Fear and loathing in South Central Los Angeles. Against an orange skyGroovy Tony hurtles through the street, full throttle, in an old school Chevrolet. His round sunglasses and black fedora cast a shadow of humanity over his otherwise featureless face. The No Face Killer’s psychedelic excursion leads him off on a wild ride of prescription drug sales, debauchery and overblown action scenes that would require a Hollywood budget. At times the madness begins to numb, allowing for moments of deep thought, glimpses of a former life glimpsing out through the lucid ultra-violence.
ScHoolboy Q’s Blank Face LP is both sonically and aesthetically unique.It’s both a love letter to the hardcore street rap of the mid-2000s and a sprawling, blockbuster album crafted to be mass consumed via social media. It consolidates a position that he’s been developing for a while now, South Central’s premier gonzo journalist; Hunter S. Thompson if he’d grown up gang-banging with a soundtrack of 50 Cent’s Get Rich Or Die Tryin’. Like all great writing, there’s an autobiographical element to Q’s work. “It’s a lifestyle, you know?” he explained to Crack. “It ain’t as easy as just rapping about it.”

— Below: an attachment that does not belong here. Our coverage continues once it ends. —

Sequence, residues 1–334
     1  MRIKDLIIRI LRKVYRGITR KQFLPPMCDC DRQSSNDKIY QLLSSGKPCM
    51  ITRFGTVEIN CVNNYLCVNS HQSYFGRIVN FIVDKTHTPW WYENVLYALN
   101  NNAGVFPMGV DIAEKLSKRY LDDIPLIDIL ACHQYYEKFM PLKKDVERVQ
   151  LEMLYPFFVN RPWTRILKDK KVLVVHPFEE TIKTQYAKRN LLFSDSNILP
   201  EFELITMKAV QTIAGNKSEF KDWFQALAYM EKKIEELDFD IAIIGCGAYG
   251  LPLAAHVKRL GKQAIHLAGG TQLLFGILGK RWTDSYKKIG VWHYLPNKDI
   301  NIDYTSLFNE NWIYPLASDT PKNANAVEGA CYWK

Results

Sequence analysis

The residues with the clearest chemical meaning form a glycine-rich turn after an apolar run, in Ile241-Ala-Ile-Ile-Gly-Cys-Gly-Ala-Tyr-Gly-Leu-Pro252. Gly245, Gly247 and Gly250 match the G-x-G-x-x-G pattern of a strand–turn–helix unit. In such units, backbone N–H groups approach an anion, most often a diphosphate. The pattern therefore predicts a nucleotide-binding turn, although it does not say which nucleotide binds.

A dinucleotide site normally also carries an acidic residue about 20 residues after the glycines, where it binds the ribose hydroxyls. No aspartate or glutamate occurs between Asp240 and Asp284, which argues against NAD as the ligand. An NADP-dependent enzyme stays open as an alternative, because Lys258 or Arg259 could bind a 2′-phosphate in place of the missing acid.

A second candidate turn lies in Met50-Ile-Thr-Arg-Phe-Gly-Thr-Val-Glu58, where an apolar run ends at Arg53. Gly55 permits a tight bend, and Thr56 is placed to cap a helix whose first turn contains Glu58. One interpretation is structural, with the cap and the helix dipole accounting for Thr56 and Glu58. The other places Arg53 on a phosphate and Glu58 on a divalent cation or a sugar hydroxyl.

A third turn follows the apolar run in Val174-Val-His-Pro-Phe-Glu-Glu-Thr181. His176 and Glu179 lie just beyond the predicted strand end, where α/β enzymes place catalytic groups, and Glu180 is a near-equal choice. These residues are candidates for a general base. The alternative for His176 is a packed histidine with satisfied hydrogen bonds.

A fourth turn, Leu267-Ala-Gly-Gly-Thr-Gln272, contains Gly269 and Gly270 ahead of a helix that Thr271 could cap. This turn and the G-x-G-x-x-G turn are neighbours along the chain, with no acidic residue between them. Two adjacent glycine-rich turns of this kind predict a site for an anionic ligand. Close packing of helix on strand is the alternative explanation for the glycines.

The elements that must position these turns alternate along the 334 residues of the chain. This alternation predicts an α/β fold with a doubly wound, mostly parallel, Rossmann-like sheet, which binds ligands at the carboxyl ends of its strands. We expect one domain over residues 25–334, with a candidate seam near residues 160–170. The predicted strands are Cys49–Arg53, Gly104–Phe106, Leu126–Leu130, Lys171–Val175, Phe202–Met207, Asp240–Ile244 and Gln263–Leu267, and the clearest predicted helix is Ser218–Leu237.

“Your favourite rapper broke, he don’t get this paper. But claim he got a kilo, been born in ’93 though,” he spits on Black Thoughts, showing up those rappers whose laughably preposterous lyrics aren’t to be believed. Q’s brand of vivid street storytelling has him agonising over the details – dirty jeans, a shattered wing mirror, orange shoelaces, pissy sofas and Pringles litter his stanzas – painting a vivid picture of the warts-and-all West Coast gangster lifestyle that we’re fed all too often in a glamourised fast-food fashion.